Thursday, June 23, 2011

In Praise of "Dark" Literature

I just read two great books. One is an advanced review copy (won’t be out until Sept, so make a note of it) by a first time author. The other is at least the tenth book out by one of my favorite young adult writers, Lauren Myracle. Before I share, I want to get something off my chest, though, that’s been nagging at me. Several weeks ago Meghan Cox Gurdon, a writer for the Wall Street Journal, published a piece called "Darkness Too Visible: Contemporary Fiction for Teens is Rife with Explicit Abuse, Violence and Depravity. Why Is This Considered a Good Idea?"

The gist of the article is that young adult fiction delves into topics no parent in her right mind would want her kid to read about.

It’s true that you can stroll into the young adult fiction section of any bookstore and find an array of “dark” books. (Literally, they are dark. This is one of the results of the Twilight phenomenon. That book had a black cover so many books now have black covers. I heard an art director at a conference call this trend “the wall of black.”) But I digress. As a writer and extensive reader of young adult fiction, I’m here to tell you that there is much more out there than black books and more importantly, there is much more TO those black books than Meghan Cox Gurdon is leading her WSJ readers to believe. I suspect that she was simply trying to be provocative, specifically choosing books that have disturbing premises and using those to make her point. I haven’t read or heard of any of the books she mentioned (gruesome-sounding things that she sums up by saying, do not have happy endings) except one. And that is Lauren Myracle’s new book Shine.

And note, to Meghan Cox Gurdon: It has a happy ending. Shine is one of the best books I’ve read this year. Period. I’ve read nearly all of Lauren Myracle’s books and if you haven’t heard of her, let me give you a quick run down. She’s a rare author who writes both middle grade and young adult fiction. Which is where she may run into trouble. Her books for younger readers—the series beginning with Eleven—is one of the sweetest, most real and honest depictions of preteen life I’ve ever read. If you have a daughter about to start middle school, run out and buy these books, and read them yourself too. You’ll be thrown back to your own middle school years and you’ll have a new understanding of what your daughter will be going through. Bonus: they're funny.

Girls who love the Eleven series, though, may drift over to the YA section and pick up some of Myracle’s books for older teens. Some of these are dark, but not all. A very good one is Peace, Love and Baby Ducks. It's a portrayal of a sister relationship—with all the highs and lows that go along with that. I don’t have a sister, but after reading this book, I knew what it would be like to have one, and it made me envious. It’s meant for older teens though. So there is some drinking (with negative consequences) and complicated, dysfunctional parental interactions and a close encounter with a member of the opposite sex (also with negative consequences, meaning it doesn’t glorify it).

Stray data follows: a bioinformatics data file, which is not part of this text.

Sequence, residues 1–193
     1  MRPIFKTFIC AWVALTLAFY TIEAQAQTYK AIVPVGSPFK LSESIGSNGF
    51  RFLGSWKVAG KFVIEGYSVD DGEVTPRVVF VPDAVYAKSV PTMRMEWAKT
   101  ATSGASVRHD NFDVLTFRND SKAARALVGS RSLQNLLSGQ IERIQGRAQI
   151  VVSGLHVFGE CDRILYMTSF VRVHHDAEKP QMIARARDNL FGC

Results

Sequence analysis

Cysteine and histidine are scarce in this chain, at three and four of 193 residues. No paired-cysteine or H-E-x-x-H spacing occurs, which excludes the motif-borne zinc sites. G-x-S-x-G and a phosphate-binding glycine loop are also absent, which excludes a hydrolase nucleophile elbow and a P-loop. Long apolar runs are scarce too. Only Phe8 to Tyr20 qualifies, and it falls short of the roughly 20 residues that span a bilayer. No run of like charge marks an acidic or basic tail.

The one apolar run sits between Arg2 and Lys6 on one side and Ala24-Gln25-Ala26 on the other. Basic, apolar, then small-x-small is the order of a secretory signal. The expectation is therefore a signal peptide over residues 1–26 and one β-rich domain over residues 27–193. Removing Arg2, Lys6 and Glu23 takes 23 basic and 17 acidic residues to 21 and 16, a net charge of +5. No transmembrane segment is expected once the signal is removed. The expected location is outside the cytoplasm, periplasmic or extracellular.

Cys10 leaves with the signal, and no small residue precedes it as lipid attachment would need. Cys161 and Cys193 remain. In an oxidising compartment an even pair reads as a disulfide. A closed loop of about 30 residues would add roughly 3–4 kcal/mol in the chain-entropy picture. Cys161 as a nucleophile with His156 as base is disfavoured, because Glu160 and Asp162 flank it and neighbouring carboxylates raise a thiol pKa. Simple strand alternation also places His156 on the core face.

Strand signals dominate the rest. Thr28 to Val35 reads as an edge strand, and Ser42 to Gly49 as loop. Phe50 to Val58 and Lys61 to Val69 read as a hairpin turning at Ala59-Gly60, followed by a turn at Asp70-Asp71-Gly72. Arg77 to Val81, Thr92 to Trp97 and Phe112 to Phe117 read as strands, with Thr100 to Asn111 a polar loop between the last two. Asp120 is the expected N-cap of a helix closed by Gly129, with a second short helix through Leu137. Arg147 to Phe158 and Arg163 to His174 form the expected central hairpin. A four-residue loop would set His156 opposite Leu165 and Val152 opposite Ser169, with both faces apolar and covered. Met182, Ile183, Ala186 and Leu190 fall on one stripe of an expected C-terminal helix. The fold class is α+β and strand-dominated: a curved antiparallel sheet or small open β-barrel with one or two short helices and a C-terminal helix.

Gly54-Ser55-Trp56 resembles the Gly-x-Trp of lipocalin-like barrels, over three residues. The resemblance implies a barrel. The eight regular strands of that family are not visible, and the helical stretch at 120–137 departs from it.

Here’s the thing: I don’t see young middle school girls reading this book (or the other YA books) until they’re emotionally ready to read them. Kids tend to “read up.” They like to try on the next step before they get there. So a ten year old will read books about twelve year olds. A young teen will be drawn to books about older teens. But this is a safe way to explore issues they’re not dealing with yet in real-life. At the same time, I think kids will put a book down or gloss over the stuff that doesn’t make sense to them. You can do that with a book. You can close it. You can drift over passages that bore you or disturb you. My daughter read the Harry Potter books long before she saw the movies and when she did see the movies, there were parts she had to shut her eyes to. Images in movies stay in your head forever. If you really want to get on a high horse about brutality and violence, Meghan Cox Gurdon, turn your sights on movies. (And words of advice for parents who are stressing about what their kids are reading: 1. Your kids ARE READING. Congratulations; pat yourself on the back. 2. Read with them. You might get a nice conversation going. I said this once to someone and she scoffed and said, I don’t have time for that. Well, lady, then your kid’s got bigger problems than what kinds of books she’s reading.)

But I’m digressing again. Gurdon mentions Shine by Lauren Myracle as a perfect example of her thesis about dark literature, and this is where she loses me because I know she didn’t read it. It’s true that it starts out with a disturbing scene. A boy is beaten and left for dead, a victim of a vicious hate crime. The main character, Cat, was once best friends with the boy, and the book is about her attempt to make amends for that loss of friendship by trying to figure out who was responsible for the attack. On a simple level the novel is a detective story. Cat goes around the small, economically depressed town in the North Carolina mountains “interviewing” suspects—who happen to be her friends and former friends. But on a deeper level we’re learning about the complexities in relationships, the reality of small town Southern life, the real and disturbing consequences of prejudice. I closed the book feeling hopeful about humanity and I would not hesitate to give it to my thirteen going on fourteen year old daughter.